Selective complement C1s deficiency caused by homozygous four-base deletion in the C1s gene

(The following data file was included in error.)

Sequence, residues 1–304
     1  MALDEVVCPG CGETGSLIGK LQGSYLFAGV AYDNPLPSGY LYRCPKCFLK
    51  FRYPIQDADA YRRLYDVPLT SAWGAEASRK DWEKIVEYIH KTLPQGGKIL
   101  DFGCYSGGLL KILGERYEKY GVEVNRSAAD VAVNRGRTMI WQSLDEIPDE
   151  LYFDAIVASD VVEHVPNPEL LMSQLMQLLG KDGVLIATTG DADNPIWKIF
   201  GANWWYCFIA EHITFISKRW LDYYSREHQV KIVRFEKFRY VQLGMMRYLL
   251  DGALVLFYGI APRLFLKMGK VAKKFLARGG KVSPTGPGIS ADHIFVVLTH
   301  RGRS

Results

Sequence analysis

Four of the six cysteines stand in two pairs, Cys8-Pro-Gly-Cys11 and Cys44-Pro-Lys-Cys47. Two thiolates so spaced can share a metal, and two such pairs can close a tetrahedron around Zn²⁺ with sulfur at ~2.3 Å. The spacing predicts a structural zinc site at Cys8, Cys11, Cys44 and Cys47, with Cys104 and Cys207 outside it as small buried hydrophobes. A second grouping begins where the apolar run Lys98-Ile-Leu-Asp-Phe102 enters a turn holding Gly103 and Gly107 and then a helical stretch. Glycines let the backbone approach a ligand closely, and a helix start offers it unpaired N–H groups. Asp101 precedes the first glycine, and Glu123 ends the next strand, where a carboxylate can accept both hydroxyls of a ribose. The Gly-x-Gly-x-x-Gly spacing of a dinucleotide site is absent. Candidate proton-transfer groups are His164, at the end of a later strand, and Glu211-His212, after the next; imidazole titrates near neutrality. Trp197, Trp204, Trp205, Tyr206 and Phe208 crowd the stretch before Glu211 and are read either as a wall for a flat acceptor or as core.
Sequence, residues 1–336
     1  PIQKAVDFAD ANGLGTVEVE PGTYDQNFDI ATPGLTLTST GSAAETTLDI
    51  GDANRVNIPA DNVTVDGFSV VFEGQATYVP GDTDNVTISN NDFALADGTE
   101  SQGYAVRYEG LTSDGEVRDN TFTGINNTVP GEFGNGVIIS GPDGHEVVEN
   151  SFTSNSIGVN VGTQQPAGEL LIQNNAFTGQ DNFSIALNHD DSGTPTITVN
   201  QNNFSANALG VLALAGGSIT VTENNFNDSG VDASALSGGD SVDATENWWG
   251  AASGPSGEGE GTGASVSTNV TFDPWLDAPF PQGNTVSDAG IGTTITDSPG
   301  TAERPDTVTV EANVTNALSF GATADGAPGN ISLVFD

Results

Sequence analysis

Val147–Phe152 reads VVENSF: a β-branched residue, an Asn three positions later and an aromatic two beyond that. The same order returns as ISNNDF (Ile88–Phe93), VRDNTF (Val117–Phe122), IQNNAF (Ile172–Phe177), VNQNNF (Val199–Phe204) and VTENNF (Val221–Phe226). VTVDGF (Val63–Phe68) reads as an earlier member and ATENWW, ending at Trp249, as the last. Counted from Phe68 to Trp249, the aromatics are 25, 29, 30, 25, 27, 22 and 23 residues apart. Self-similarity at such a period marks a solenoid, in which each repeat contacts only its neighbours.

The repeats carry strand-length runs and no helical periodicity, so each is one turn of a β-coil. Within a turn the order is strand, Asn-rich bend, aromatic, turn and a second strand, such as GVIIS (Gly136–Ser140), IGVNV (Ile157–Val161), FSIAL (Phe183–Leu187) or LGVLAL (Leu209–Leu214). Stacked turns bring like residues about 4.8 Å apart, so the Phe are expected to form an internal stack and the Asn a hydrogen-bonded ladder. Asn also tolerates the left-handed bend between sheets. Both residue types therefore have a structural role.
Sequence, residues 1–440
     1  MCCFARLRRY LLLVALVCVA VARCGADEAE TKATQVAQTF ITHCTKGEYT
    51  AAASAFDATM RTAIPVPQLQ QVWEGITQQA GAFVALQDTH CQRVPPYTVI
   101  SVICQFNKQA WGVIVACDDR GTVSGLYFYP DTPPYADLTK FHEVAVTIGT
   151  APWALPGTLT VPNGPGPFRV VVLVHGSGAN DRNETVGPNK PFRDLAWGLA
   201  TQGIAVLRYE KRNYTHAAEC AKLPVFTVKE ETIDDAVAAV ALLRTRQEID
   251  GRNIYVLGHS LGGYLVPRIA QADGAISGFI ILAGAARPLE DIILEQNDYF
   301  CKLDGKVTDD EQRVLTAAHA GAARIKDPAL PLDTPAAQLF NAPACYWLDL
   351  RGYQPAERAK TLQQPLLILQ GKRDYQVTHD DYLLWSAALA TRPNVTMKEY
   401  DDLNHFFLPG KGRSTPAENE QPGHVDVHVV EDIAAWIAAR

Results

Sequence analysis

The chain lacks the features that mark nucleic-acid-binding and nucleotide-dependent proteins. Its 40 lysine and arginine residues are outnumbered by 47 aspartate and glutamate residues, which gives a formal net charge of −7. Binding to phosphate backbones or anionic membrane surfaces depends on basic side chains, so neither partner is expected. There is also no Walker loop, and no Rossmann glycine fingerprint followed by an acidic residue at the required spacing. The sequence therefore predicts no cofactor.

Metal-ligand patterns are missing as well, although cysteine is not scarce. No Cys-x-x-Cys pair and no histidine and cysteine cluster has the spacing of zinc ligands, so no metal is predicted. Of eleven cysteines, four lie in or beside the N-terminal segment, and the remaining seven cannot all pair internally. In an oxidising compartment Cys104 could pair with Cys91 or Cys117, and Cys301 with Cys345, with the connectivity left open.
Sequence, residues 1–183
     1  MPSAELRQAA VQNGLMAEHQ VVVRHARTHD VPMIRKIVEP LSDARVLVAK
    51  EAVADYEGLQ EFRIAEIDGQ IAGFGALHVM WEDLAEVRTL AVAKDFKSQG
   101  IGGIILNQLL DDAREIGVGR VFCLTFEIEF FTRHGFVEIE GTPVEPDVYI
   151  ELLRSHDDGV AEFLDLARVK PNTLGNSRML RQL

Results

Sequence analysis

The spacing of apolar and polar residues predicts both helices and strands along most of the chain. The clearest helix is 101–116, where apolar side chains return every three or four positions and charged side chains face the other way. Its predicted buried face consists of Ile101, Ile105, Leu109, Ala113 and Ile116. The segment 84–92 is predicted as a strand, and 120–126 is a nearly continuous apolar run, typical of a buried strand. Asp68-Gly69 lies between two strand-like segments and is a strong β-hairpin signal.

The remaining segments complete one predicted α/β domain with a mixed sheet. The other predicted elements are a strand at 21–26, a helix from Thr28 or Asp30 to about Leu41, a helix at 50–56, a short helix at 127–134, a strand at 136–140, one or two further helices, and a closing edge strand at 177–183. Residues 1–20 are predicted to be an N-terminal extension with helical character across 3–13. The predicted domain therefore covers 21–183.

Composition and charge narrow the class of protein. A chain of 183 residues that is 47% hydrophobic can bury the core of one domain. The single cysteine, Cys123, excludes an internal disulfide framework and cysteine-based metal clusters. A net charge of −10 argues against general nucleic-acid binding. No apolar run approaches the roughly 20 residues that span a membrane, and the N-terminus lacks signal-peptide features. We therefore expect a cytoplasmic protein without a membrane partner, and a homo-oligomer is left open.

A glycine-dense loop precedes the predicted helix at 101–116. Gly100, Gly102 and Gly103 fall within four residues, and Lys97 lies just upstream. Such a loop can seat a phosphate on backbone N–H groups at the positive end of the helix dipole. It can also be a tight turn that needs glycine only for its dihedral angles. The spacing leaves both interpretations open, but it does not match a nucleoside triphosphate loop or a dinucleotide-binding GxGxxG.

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The complement system plays an important role in defense mechanisms by promoting the adherence of microorganisms to phagocytic cells and lysis of foreign organisms. Deficiencies of the first complement components, C1r/C1s, often cause systemic lupus erythema-tosus-like syndromes and severe pyogenic infections. Up to now no genetic analysis of the C1r/C1s deficiencies has been carried out. In the present work, we report the first genetic analysis of selective C1s deficiency, the patient having a normal amount of C1r. C1s RNA with a normal size was detected in patient’s subcutaneous fibroblasts (YKF) by RNA blot analysis and RT-PCR. The amount of C1s RNA was approximately one-tenth of the RNA from the human chondrosarcoma cell line, HCS2/8. In contrast, the levels of C1r and β-actin RNA of YKF were similar to that of HCS2/8. Sequence analysis of C1s cDNA revealed a deletion at nucleotides 1087–1090 (TTTG), creating a stop codon (TGA) at position 94 downstream of the mutation site. Direct sequencing of the gene between the primers designed on intron 9 and exon 10 indicated the presence of the deletion on exon 10 of the gene. Quantitative Southern blot hybridization suggested the mutation was homozygous. The 4-bp deletion on exon 10 was also found in the patient’s heterozygous mother who had normal hemolytic activity.
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